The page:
By Felix Richter

Electric Mobility Has a Long Way to Go

This chart shows estimated plug-in electric vehicle and total light vehicles sales in the U.S. in 2018.

Fueled largely by the release of Tesla's "mass market" Model 3, electric vehicle sales in the United States jumped 81 percent in 2018 compared to the previous year. According to InsideEVs, an online platform tracking the progress of electric mobility, plug-in electric vehicle sales amounted to 361,307 in the U.S. last year, up from 199,826 in 2017.

While that is by far the biggest jump in EV sales ever recorded in this still nascent market, it still isn't enough to put electric cars anywhere near mass adoption.

In fact, for every electric car sold in 2018, 50 conventionally powered cars hit America's roads, meaning that electric vehicles accounted for just 2.1 percent of the 17.2 million light vehicles sold in the U.S. over the past twelve months.

Considering that President Trump recently celebrated the currently low gas prices as "another tax cut" and took credit for supposedly telling people at OPEC to "let that damn oil and gasoline flow", the outlook for electric mobility isn't as positive as last year's growth rate would suggest though.

It remains to be seen if the momentum can be kept going without the impetus of a new Tesla model launching.

China's Electric Vehicle Market Races Ahead

When Tesla broke ground on its first factory in China recently, some people were questioning the timing of the company's expansion to the country. Amid trade tensions, a general economic slowdown and cooling consumer confidence, the Chinese automobile market contracted by 2.8 percent in 2018, marking the first annual decline in more than two decades. As China's Association of Automobile Manufacturers (CAAM) reported, the production and sale of automobiles amounted to 27.8 and 28.1 million units, respectively, last year, following six consecutive months of declining sales.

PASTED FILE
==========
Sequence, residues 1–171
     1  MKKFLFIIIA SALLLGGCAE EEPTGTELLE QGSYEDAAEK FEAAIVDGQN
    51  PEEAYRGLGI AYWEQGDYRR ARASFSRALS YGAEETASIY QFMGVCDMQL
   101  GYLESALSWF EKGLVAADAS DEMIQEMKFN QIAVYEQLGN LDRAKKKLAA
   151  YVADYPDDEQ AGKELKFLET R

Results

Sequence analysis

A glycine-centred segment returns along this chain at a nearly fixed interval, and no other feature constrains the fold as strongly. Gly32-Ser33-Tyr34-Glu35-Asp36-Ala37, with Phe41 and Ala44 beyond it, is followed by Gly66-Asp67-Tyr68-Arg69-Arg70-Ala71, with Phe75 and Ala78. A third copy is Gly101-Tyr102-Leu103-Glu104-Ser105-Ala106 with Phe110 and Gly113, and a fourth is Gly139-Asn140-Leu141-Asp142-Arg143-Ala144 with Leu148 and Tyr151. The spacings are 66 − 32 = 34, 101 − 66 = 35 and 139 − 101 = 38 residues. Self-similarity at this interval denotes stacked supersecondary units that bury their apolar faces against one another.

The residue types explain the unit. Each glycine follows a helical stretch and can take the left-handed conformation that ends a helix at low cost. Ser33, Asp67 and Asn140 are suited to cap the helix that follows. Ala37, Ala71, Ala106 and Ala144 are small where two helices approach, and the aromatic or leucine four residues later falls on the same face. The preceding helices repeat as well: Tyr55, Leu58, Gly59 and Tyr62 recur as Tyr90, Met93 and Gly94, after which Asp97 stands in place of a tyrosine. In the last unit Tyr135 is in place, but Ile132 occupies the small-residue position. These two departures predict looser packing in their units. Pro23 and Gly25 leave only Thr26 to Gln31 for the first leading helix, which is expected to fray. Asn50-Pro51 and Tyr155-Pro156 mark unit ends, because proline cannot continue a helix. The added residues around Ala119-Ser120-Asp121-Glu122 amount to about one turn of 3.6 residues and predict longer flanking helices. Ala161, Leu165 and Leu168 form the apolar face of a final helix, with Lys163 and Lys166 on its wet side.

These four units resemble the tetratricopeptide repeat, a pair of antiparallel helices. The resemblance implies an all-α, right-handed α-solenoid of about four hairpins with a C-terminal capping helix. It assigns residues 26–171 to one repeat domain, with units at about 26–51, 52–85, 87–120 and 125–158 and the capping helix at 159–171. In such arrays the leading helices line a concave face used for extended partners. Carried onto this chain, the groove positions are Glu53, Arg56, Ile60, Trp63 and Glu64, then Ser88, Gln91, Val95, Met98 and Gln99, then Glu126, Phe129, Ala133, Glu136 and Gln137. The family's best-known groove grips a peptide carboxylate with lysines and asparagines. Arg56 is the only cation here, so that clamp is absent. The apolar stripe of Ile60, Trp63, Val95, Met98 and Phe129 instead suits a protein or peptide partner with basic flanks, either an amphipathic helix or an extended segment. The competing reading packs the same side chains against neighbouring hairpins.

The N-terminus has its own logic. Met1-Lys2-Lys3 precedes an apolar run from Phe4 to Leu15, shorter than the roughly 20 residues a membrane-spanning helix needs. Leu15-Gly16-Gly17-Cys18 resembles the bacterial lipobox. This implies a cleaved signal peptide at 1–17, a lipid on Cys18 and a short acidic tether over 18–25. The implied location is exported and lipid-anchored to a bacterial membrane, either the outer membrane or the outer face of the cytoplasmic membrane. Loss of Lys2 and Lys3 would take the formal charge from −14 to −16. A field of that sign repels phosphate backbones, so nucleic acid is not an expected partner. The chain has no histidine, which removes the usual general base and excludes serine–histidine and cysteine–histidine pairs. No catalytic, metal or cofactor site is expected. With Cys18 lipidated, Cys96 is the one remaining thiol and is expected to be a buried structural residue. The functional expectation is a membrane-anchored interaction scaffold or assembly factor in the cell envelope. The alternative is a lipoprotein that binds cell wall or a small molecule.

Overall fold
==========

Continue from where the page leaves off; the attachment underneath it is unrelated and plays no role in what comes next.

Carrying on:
But then again, it's a very specific segment of the market that Tesla is after, and looking at electric vehicle sales paints and entirely different picture. According to CAAM, sales of new energy vehicles, as plug-in electric vehicles and plug-in hybrids are referred to in China, grew by more than 60 percent last year, reaching 1.26 million units. According to Tesla CEO Elon Musk, the Shanghai-based Gigafactory will produce lower-cost versions of the Model 3/Y specifically targeted at the Chinese market. “Affordable cars must be made on same continent as customers”, Musk wrote on Twitter, not to mention that a production plant in China could shield his company's Chinese ambitions against tariffs and other import duties.

As the following chart shows, the Chinese market for electric cars is more than three times the size of its U.S. counterpart, illustrating why it makes sense for Tesla to double down on its ambitions in what is still the world's largest automobile market.

China's Electric Vehicle Market Races Ahead


Tesla Dominates Electric Car Sales in the United States

Having more than doubled its vehicle production in 2018, Tesla single-handedly propelled electric vehicle sales in the United States to new heights. According to industry blog InsideEVs, the company accounted for more than 50 percent of electric car sales in the U.S. over the past 12 months, as the Model 3 grew into its envisaged role as the first mass-market Tesla.

Tesla reportedly sold almost 140,000 units of the Model 3, outselling the second most popular electric car, the hybrid Toyota Prius Prime, 5 to 1. Tesla's Model X and Model S were the third and fourth most popular electric models, capping what was a turbulent but successful year for the company led by its eccentric and at times controversial founder Elon Musk.

Tesla Dominates Electric Car Sales in the United States


"Electric Mobility Has a Long Way to Go"